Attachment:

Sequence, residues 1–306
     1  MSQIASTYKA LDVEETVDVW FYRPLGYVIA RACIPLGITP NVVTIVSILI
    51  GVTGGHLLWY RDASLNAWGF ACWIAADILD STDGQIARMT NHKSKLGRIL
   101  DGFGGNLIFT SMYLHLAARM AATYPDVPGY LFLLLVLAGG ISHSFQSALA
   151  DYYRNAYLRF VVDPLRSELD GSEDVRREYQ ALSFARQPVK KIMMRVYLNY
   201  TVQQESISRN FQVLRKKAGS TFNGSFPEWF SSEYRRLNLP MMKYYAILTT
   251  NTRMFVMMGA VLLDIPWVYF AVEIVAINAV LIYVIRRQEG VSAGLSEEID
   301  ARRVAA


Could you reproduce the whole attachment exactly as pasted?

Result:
Sequence, residues 1–306
     1  MSQIASTYKA LDVEETVDVW FYRPLGYVIA RACIPLGITP NVVTIVSILI
    51  GVTGGHLLWY RDASLNAWGF ACWIAADILD STDGQIARMT NHKSKLGRIL
   101  DGFGGNLIFT SMYLHLAARM AATYPDVPGY LFLLLVLAGG ISHSFQSALA
   151  DYYRNAYLRF VVDPLRSELD GSEDVRREYQ ALSFARQPVK KIMMRVYLNY
   201  TVQQESISRN FQVLRKKAGS TFNGSFPEWF SSEYRRLNLP MMKYYAILTT
   251  NTRMFVMMGA VLLDIPWVYF AVEIVAINAV LIYVIRRQEG VSAGLSEEID
   301  ARRVAA